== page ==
Dank Memeston

Philosophy in your life

53 posts in this topic

This part might give more insight for why I ask these questions, of you want to read it. If someone could somehow edit the questions out of the spoiler that would be great. I cant do it on my phone for some reason of find a way to create a line after the spoiler.

 

 

I recently became confident in the idea that I enjoy philosophy. In regards to that I assume I am a skeptic, although whether or not I am casual or hardcore is something I have still yet to decide.

To be honest, after coming to this understanding I have come to an impass as I personally do not know what people think of the subject and how often they employ the related (although everything is related and not at rhe same time but that is besides the point) critical thinking and decision making methods associated with the subject.

To put this whole mess bluntly, I don't know what the common stance is on this sort of activity in the current world. I know a lot of it is that I don't know when or how to adk people about the subject, which is furthered by my insecurities with the subject itself. 

My main issue is that it seems the community that actively participates in discourse and discussion is extremely small, the (not well researched) biggest forum outside reddit on the internet being about the third of the size of dgz. I guess I was just surprised that there were so few participating when it has had such a far reaching and long history. I could compare it to specific sciences but the fact that those could have the same community base as a millennia old practice makes me feel insecure about philosophy as a whole. 

This then draws me to the reason for creating this topic. I suspect that a lot more people have these sort of thoughts than they let on and just dont want to think about them as it is just considered a distraction from their life that is pointless and gets in the way of their work. This has a lot to deal with my insecurities with intelligence and relating to other people as I am still unsure if I am dumb or smart or average or if I am just as clueless as everyone else or if everyone just had it figured out more then me or... it doesn't stop so I am posting this to hopefully figure out a bit more of how people think about the subject and use it.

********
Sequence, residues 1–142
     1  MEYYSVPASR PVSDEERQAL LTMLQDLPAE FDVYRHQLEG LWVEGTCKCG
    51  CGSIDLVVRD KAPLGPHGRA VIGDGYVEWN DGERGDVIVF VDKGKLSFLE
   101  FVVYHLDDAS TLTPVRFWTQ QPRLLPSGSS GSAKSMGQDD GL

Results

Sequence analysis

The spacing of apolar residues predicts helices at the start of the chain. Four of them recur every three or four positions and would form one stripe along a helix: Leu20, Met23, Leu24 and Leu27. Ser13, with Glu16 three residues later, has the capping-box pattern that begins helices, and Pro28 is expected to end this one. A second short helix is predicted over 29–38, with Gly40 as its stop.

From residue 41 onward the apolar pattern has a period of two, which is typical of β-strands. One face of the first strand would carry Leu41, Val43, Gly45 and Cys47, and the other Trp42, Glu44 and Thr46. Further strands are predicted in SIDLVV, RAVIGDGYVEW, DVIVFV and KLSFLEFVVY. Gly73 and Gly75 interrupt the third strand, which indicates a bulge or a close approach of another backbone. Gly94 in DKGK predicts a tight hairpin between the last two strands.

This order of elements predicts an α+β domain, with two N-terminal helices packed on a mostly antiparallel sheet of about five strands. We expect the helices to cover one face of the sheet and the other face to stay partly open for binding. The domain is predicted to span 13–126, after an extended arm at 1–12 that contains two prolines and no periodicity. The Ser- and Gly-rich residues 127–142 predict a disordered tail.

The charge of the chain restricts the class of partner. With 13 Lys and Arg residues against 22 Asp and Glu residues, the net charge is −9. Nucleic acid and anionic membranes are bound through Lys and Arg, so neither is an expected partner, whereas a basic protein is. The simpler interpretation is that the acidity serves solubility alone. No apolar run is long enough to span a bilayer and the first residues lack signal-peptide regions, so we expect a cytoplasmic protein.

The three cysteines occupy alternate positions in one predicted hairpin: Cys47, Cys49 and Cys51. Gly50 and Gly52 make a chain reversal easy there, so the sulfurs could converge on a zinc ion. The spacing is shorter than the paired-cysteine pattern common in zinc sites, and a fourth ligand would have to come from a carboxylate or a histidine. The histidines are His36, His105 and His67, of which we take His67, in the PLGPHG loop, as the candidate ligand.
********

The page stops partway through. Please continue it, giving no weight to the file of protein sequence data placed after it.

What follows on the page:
There are also issues with the uniqueness of my own and others ideas and some amount of nihilism in the mix although I know this is just a part of the whole depressed mood I am in in regards to this subject.

I guess it may also be important to point out that the field I am currently most interested in is ontology/epistimology.

 

 

 

Questions:

Does philosophy impact your life in any way? Currently and/or in the past?

Do you ever stop thinking about a question because "I don't want to think about that!" and if so why? Examples?

How often do you have thoughts that you would consider "philosophical" and if so how often and do you have an example?

How important do you feel philosophy is in regards to society?

OR

Any casual thoughts on the subject of philosophy?

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I'm a happy existentialist - our own life is the only certainty which means it's important to derive as much happiness from it as possible 

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John Hume believed skepticism was the purest form of philosophy and in that sense it plays a role in my life every day. I like to play devil's advocate to absolutely everything because i like arguing and thinking. I don't mind if i'm wrong/right/ out-thought by someone else, I just love spitballing ideas and stuff. Dunno if this helps you with what you were thinking about.

 

I work a dead end job in a clothes shop stock room but i have lots of intelligent co workers and we speak about philosophy a lot and i really push them to take it to the most basic level since im one of the few in third level education. For example some people believe you should trust no one and nothing and others think you should trust carefully. Someone like me who breaks it down to the most fundamental level like, why when you take a step down on the stairs do you trust not to fall down through an die, might believe trust is just necessary to live. I like thinking of things like this. Again dunno if this was what you were getting at.

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i am a mystic, a pantheist, an animist, a determinist, and an absurdist. i embrace buddhism, shinto, taoism, thelema, hermeticism, rosicrucianism, and theosophy as philosophies. most of the time i believe we live in a simulated reality and i try to ignore it because it's impossible to find empirical evidence that it's true. i am also a metaphysical solipsist but i hardly show that i am because if it's true then there can only be one and it seems to make no sense thinking about it all the time. anime i've watched like the melancholy of haruhi suzumiya, kino's journey, mushishi, boogiepop phantom, serial experiments lain, haibane renmei, hundred stories, fate/stay night, fate/zero, black lagoon, xxxholic, hell girl, flcl, fullmetal alchemist, naruto, yu-gi-oh!, dragon ball z, pokemon, digimon, and parasyte have been philosophical influences in my life.